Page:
The Power of an Expansive Theological Imagination


Rev. Dr. DeWayne L. Davis



“Theology that arises from Scripture and from the teachings of Jesus does not allow for the identification and exclusion of the other” —Mark Charles and Soong-Chan Rah, Unsettling Truths


Trolling social media the other day, I saw the latest outrage precipitated by a religious attack on democracy, women’s rights, or LGBTQ people. They come so frequently now and are so similar in their details that any specific story I chose to share would be familiar. As the commenters to the posts discussed the theological reasoning behind each religious persecution, it saddened me to notice that what they were describing revealed a stunted theological imagination, an inability to see within the biblical witness divine resistance and creative response to the ugliness of a fallen social reality. It takes very little imagination to give oneself theological permission to do harmful, self-interested things and maintain a status quo in the current social reality that never liberates or expands society’s social and material benefits to the most vulnerable among us.


I discovered the power of theological imagination early in my life. All of the explanations I received from my parents and church for why going to the movies, attending parties, or prohibiting women from wearing pants arose from a reading of the Bible that reinforced an existing social reality and worldview. Specifically, my church and family had embraced values and practices for organizing and structuring their lives and used Scripture to support and justify them. Therein lies the power and danger of the theological imagination: it can either dull and distort or expand and enliven the social imagination. Suppose my theology permits everything I want, upholds my power and privilege, and imposes the values and practices I’ve constructed on society and culture. In that case, it will be hard for me to imagine an alternative, much less an alternative that mirrors God’s shalom for the entire creation.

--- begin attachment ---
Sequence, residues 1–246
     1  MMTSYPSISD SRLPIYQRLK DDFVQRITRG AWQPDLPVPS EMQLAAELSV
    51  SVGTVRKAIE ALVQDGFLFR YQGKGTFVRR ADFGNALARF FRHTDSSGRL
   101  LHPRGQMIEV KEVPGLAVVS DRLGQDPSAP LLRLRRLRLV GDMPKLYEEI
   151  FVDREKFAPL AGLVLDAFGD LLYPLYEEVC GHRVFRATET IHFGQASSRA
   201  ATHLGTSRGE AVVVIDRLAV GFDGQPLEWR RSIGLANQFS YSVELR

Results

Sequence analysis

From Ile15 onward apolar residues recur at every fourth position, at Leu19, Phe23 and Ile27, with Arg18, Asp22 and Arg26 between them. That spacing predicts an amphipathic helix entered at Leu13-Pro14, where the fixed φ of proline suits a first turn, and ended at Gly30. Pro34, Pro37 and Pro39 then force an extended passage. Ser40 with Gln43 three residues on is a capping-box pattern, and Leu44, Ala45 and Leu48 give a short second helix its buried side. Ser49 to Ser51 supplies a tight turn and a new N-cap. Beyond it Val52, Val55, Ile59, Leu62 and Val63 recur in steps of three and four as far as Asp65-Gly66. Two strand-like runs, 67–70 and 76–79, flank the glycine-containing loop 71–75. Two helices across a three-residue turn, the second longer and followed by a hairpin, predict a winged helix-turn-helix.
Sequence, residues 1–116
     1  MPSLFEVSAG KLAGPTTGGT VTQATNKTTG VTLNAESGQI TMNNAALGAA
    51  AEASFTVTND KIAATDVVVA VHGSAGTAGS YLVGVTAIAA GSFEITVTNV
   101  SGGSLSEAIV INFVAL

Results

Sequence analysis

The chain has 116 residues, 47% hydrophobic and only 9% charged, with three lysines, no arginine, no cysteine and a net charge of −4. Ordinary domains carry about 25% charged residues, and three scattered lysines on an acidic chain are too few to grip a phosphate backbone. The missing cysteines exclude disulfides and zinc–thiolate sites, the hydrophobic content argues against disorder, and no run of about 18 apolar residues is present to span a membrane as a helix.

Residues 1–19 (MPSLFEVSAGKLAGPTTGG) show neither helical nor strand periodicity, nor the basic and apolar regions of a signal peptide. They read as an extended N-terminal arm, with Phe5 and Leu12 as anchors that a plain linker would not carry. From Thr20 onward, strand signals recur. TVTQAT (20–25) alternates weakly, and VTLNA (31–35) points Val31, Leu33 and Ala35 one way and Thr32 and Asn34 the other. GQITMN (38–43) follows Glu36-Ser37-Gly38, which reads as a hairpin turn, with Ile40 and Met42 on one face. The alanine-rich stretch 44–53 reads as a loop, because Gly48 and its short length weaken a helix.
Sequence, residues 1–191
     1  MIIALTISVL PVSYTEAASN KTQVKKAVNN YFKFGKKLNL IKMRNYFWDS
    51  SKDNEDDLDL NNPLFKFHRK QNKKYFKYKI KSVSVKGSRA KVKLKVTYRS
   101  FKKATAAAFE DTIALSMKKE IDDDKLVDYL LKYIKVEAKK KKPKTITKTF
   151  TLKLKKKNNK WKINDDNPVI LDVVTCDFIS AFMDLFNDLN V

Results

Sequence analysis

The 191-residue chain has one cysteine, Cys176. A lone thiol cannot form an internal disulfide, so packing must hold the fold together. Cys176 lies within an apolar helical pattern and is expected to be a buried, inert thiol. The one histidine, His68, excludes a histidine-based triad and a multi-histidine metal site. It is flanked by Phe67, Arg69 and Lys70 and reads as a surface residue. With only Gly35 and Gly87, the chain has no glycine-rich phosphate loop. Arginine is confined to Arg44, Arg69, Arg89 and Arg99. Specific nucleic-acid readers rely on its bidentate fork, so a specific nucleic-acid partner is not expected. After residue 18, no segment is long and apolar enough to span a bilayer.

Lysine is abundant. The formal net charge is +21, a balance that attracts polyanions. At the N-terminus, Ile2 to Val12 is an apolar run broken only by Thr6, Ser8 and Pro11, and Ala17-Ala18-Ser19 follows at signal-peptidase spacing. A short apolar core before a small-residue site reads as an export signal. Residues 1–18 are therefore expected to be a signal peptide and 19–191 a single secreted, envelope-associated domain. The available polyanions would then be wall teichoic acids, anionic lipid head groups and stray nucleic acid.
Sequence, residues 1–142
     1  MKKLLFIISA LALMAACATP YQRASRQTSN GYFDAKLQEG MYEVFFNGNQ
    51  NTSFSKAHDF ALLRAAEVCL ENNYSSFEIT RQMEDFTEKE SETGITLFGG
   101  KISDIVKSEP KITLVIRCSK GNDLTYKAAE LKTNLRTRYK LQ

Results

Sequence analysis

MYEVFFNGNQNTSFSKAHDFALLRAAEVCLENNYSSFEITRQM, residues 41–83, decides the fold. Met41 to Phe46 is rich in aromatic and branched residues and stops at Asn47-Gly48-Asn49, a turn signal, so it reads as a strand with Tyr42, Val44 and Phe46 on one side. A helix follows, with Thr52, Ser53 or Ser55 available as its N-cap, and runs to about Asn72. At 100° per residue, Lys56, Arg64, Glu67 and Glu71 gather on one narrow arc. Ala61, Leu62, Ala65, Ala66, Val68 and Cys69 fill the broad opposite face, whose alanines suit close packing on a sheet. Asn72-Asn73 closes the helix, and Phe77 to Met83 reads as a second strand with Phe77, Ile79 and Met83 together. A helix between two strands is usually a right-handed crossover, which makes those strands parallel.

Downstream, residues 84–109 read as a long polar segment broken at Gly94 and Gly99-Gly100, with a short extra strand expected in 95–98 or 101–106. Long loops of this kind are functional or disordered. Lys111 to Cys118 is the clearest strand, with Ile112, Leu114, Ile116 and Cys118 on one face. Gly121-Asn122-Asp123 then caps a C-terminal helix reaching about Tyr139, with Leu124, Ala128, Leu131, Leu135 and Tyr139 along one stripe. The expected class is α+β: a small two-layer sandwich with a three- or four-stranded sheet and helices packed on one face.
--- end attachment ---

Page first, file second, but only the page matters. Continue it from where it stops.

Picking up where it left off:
A careful reading of Scripture does not easily result in the kinds of diabolical actions and oppressive ideologies humanity embraces to shape and control our social reality. Only a diseased social imagination, beholden to the logic of power, exclusion, and white supremacy, would distort the whole of the biblical narrative to create a social reality that serves only the individual, one race, or one ethnicity. Reading Scripture in ways that stifle the imagination, protect the status quo of inequality and oppression, and reinforce the worst tendencies to hoard and exclude others is a conscious decision. With every encounter with Scripture, we have an opportunity to embrace a theology that inspires covenant and connectivity across differences in race, sex, gender, ethnicity, and religion. I pray that our reading of sacred text inspires us with theological imagination that widens the welcome circle, affirms the dignity of all creation, and includes God’s diverse humanity in the beloved community without condition or compromise. May it be so.